In these strike-ridden days it’s difficult to discover the smallest ray of comfort. Enter the vice-chancellor of King’s College London, Edward Byrne.
Professor Byrne, who manages to keep the wolves from the door with an annual salary of £425,000, has seized the moment to offer some valuable words of advice to all those academics who are currently facing a cut of £10,000 a year to their pension entitlement.
In a message to all his academic staff, Professor Byrne proposes “an integrated approach” to the forthcoming Acas talks, which would include a consideration of “how to encourage more staff to save for their retirement”.
According to Jamie Targett, our Director of Corporate Affairs, this is very much “a breakthrough suggestion”. “If only more staff had prudently tucked away a little of their own money for the rainy days of retirement, all this present fuss about a decent pension could have been avoided.”
We understand that Professor Byrne has so far declined to say if he himself is following this “rainy day” philosophy as he ponders a future retirement on a pension whose size has been estimated by an insider as one that “could exceed the wildest dreams of an Eastern Mogul”.
Solidarity for ever
As the strike action over changes to the pension scheme continues, we are pleased to bring all our readers a brand new column in which Mr Ted Odgers, a profoundly unreconstructed militant from the Department of Media and Cultural Studies, answers your questions about the best manner in which to show solidarity with your fellow strikers.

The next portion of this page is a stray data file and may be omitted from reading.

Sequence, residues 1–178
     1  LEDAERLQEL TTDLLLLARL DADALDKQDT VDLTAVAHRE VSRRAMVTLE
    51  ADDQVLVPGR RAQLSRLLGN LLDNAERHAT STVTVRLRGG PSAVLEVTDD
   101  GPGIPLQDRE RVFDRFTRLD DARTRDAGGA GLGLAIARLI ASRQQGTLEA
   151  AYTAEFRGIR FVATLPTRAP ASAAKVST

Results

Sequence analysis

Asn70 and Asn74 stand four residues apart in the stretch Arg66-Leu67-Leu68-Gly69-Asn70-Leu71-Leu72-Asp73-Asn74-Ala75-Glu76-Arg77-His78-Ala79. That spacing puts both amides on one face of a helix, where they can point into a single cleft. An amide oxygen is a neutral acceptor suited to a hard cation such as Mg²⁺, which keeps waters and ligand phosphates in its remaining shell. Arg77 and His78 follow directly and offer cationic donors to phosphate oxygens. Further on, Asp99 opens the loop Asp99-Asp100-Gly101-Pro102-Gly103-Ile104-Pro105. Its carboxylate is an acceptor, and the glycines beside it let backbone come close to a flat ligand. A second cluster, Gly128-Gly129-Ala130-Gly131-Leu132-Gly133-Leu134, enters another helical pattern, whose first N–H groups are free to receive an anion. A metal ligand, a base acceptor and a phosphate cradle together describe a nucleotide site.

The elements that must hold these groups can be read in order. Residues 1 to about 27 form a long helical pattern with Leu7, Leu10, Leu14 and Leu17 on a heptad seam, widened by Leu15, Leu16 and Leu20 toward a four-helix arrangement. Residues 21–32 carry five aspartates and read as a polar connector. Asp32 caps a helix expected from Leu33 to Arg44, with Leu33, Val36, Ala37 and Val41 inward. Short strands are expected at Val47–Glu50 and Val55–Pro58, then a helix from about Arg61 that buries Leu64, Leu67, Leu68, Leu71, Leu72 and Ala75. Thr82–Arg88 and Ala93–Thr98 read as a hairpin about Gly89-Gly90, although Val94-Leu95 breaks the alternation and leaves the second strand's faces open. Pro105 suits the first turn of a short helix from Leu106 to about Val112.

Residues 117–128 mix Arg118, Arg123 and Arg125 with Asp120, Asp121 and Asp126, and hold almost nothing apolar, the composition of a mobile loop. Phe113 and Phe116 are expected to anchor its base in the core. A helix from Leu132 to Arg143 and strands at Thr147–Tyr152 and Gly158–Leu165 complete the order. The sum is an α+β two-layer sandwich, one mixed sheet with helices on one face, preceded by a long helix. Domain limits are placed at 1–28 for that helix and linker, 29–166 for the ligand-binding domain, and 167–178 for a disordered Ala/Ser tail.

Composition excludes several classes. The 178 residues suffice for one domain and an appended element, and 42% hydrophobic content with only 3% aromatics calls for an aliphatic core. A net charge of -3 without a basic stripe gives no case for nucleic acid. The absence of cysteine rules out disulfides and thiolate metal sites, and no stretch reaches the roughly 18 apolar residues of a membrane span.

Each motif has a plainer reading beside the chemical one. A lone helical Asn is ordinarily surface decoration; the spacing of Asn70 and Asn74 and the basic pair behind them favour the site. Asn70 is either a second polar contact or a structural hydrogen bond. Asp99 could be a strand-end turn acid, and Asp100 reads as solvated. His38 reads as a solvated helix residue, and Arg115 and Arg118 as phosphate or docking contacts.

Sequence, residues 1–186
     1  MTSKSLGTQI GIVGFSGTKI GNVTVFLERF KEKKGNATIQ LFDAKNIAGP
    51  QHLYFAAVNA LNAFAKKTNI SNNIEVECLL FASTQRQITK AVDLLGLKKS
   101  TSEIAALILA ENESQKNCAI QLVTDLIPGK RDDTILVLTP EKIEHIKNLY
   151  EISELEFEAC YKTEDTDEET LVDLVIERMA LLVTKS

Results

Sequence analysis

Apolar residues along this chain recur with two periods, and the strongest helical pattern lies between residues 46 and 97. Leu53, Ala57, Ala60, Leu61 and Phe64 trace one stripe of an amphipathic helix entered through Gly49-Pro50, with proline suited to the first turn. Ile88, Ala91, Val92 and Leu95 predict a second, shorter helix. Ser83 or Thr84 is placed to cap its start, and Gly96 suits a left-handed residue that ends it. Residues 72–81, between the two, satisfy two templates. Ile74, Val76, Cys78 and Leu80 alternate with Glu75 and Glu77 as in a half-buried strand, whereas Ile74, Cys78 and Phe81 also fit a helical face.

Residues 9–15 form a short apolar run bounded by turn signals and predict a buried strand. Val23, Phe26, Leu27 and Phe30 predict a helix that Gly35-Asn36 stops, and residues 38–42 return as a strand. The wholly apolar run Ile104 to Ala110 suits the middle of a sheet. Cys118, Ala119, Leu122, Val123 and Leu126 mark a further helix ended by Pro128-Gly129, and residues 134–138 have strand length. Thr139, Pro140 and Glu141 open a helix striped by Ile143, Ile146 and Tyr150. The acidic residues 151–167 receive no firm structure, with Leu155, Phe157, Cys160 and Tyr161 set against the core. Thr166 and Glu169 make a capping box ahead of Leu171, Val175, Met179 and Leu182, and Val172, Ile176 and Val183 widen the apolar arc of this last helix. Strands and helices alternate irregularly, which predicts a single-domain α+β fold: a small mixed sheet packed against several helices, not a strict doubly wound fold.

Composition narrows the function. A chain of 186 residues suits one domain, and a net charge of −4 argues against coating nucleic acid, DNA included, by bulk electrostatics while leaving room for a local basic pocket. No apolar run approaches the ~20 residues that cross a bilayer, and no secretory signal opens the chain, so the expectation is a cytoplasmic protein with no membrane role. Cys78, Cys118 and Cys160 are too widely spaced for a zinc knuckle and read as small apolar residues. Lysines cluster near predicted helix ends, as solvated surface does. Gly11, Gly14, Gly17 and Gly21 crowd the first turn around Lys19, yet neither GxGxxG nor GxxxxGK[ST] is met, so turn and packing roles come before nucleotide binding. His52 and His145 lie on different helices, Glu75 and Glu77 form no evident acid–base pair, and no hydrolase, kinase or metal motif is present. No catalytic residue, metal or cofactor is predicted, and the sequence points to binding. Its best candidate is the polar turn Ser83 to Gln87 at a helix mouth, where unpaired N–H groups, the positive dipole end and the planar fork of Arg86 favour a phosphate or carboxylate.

Our first question comes from Dr P. Q. Manners of our Department of Mindfulness:
Dear Mr Odgers,
Please excuse me for emailing you out of the blue, but I wonder if you could tell me whether it is justifiable to issue tweets or send emails or post blogs on strike days? In the absence of any official guidance I have been performing these online activities in the evening. Is this correct industrial practice?
Dear Dr Manners,
I’m afraid that I’m unable to respond to your enquiry as I’m currently on strike and therefore not answering emails. I hope that this helps.
Last week, we brought you the touching story of how the Maltese dog Oscar, owned by Max Lu, the vice-chancellor of the University of Surrey, was relocated from Australia to his new English home at the modest cost of £1,600. It was a story that stirred our readers’ hearts and several have asked for an update on Oscar’s current state of health.
We’re delighted to be able to say that Oscar is now more or less his old fluffy self. However, there are some reports that his cute smile is now less pronounced and that there are times when his brow appears to be furrowed by what can only be described as a frown.
However, a spokesperson for the university has described as “dangerously anthropomorphic” the suggestion that there is a link between Oscar’s frown and the dog’s discovery that he is being widely used in the media as a symptom of the extravagant perks enjoyed by UK vice-chancellors.